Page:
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Natural events: orchard edition, June 2017

Featured this month:

  • Early June optimism
  • Late June reality
  • Japanese Beetle feeding behavior
  • Japanese Beetles over the years
  • June weather
  • Stalk Borer
  • Quiz

Early June optimism: Fruit crops were looking pretty good in early June. The blueberries began ripening ridiculously early. We actually managed to eat a handful of cherries off of our sour cherry tree, which was remarkable since we didn’t put up bird netting (on account of the cherry quantity being too low to bother). One of our young grape vines was setting nice clusters, and the blackberries were heavily blooming and setting fruit.

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Yellow Morel

Yellow Morel

We’ve found a scattering of morels now and then, usually in late April. Our earliest find was on April 7 (in 2017) and our latest was May 8 (in 2013). We never seem to find them in the same place twice.

Natural events: orchard edition, January 2017

To have a chance at being successful fruit growers in Missouri, we need to be keen observers of the ecosystem, able to identify and understand what is going right and what is not from the perspective of our fruit plantings. This means delving deeper into entomological ID, paying attention to details of plant growth, noticing what herbaceous plants are around, poking around in the wood-chip mulch at the base of the plants to monitor life in the soil, and more. In other words, it means perfect fodder for a continuation of this natural events series.

This is our motivation for a planned shift in this series’ focus from the whole farm to the parts where we’re growing (or attempting to grow) perennial crops, especially fruits. As shown in the orchard photo below, these areas are managed but far from manicured, and there’s more than enough wildness and nature here to keep the amateur naturalists in us busy for a long while.

Featured this month:

  • Basic bud identification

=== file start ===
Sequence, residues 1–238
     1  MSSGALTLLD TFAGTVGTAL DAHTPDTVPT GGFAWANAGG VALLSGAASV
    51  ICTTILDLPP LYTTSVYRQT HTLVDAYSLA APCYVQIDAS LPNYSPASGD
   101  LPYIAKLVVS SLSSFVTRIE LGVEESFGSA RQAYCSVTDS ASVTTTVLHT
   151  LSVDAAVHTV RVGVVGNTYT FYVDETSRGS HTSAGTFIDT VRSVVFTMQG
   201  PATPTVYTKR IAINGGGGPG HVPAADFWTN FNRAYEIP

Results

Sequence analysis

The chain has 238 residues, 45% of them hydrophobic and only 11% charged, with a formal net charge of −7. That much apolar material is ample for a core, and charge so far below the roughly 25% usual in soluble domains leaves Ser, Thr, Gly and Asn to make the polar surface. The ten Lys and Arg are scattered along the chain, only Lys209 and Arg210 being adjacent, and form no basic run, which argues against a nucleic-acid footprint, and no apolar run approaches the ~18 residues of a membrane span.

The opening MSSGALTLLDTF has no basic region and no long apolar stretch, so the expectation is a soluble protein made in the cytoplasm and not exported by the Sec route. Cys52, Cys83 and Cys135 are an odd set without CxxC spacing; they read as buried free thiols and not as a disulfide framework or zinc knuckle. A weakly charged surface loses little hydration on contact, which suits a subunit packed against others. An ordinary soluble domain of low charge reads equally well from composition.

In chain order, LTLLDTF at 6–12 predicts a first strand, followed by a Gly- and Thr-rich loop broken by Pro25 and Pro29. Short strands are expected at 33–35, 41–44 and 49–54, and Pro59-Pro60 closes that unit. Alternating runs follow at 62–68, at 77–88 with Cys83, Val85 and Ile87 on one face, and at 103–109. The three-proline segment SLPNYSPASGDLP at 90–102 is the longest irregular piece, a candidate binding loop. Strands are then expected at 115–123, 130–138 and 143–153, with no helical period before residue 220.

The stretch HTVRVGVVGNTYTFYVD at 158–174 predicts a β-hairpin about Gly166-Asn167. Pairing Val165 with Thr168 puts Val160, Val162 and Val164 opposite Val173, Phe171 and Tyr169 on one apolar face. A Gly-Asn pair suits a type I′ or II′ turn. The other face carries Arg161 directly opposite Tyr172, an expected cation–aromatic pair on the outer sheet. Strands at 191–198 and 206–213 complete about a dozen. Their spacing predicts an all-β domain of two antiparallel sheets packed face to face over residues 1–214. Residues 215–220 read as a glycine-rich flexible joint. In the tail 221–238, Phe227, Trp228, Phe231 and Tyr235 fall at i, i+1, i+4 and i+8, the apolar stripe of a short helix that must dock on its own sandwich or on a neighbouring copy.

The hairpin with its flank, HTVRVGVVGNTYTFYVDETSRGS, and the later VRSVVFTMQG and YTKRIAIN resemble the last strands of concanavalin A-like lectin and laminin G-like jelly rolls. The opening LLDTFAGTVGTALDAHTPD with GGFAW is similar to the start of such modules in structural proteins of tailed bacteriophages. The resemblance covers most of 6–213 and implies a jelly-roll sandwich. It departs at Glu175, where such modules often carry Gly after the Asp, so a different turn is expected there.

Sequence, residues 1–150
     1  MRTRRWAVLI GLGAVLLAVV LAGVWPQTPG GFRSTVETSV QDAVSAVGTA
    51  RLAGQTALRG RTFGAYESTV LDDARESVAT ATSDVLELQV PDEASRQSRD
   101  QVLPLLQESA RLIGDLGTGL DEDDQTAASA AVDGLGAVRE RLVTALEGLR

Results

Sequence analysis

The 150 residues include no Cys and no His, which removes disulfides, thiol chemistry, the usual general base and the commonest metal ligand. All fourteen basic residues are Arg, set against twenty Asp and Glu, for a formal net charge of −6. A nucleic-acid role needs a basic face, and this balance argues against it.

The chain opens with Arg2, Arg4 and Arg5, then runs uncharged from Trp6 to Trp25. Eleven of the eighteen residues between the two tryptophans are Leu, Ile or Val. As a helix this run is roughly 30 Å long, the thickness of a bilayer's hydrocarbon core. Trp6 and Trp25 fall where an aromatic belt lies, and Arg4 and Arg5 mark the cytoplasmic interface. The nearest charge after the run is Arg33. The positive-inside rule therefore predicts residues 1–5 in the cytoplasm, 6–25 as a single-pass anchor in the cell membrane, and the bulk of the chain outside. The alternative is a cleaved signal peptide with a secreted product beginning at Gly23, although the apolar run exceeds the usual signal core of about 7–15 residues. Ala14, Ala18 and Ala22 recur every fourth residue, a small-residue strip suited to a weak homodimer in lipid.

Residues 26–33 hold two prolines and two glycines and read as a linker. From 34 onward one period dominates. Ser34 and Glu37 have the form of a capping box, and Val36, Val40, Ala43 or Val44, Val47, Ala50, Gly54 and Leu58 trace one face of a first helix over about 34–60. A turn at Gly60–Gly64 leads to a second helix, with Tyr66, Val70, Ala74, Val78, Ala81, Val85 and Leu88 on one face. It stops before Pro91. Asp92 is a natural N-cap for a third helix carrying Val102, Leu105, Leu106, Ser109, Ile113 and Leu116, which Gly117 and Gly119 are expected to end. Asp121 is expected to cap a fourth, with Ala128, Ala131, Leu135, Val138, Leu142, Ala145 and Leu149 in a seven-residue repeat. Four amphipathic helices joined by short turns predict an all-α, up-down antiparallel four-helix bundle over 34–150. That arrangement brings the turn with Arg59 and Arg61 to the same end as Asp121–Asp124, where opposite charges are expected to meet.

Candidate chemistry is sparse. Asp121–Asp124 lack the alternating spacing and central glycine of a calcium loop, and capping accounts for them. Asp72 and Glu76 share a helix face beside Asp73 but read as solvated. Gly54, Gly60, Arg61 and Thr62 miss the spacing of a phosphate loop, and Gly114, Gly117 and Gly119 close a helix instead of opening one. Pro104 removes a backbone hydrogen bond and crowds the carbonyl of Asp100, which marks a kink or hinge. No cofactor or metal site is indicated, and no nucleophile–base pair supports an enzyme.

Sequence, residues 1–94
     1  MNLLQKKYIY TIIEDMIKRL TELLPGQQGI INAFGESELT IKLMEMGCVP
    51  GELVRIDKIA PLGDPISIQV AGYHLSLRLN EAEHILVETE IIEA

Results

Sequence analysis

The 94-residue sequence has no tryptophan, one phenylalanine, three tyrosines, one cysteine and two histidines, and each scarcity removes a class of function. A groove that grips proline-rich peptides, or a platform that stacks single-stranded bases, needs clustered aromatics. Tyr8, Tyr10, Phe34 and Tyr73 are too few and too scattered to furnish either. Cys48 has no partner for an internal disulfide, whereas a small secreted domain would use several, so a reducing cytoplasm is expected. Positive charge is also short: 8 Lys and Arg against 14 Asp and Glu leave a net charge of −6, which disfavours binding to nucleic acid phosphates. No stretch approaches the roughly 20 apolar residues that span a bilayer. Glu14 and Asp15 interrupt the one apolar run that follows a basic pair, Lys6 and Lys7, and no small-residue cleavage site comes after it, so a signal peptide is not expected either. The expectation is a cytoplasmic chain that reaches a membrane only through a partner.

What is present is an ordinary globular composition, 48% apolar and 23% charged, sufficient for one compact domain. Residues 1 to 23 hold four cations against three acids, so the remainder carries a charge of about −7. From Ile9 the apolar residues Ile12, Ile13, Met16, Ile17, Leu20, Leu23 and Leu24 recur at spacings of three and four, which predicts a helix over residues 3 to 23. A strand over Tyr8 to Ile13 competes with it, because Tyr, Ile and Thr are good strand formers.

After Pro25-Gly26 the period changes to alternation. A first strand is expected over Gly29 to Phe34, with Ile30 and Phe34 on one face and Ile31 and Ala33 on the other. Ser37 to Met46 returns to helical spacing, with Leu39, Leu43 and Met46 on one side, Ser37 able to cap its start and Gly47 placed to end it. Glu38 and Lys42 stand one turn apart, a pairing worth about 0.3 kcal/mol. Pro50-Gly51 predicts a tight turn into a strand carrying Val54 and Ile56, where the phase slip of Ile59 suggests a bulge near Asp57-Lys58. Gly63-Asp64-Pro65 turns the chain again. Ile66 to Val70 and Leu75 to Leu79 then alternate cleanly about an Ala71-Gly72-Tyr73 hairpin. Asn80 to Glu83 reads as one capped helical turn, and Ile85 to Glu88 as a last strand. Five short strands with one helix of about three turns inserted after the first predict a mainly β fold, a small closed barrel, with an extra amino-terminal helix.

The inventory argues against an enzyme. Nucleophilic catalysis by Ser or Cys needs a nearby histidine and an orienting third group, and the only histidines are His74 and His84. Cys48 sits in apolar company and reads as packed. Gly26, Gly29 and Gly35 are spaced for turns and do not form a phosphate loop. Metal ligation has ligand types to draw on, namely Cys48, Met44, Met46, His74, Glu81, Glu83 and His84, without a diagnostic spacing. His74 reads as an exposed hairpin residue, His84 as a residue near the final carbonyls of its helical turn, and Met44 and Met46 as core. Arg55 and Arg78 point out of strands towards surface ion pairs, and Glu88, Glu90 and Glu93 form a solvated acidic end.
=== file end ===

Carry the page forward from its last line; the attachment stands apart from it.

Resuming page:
• Twig damage
  • Signs of mammals
  • Understory plants
  • Swans overhead

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Natural events, December 2016

This post completes our 6th full year of monthly natural-events blogging; the full archive can be viewed under the Landscape and ecosystem tag. What started primarily as a monthly bird list back in 2011 has gradually evolved into a monthly photo essay. We plan yet another shift in focus for 2017, this time toward an emphasis on the orchard and perennial fruit production. More on that when January comes to a close, but first the final installment for 2016.

Featured this month:

  • Frost flowers
  • Barred Owl
  • Bird nests
  • Forest floor greenery
  • Unhappy raccoon

Weather recap:
December started cold and ended warm. Joanna milked the goats on two successive -2ºF mornings in early December (brr!). But temperatures rapidly turned balmy, followed by genuinely warm. Christmas night thunderstorms gifted us with nearly an inch of rain, a welcome amount as fall and early winter have been on the dry side.

dec_natural_frost_flowers
Frost flowers: Frost flowers bring joy to some of the days of first real cold. Certain plants are responsible for these amazing and delicate ice structures. This one is White Crownbeard (Verbesina virginica); though it is a native Missouri plant, we did not have any here, so we acquired some seeds from Joanna’s parents. We started this specimen from seed in the greenhouse last spring, planted it near the house, and more or less forgot about it. What a nice reminder of the effort when we noticed this “bloom” on December 9! Yellow Crownbeard (Verbesina helianthoides) is also well established near the house, verging towards weediness; though in the same genus, that plant does not produce frost flowers.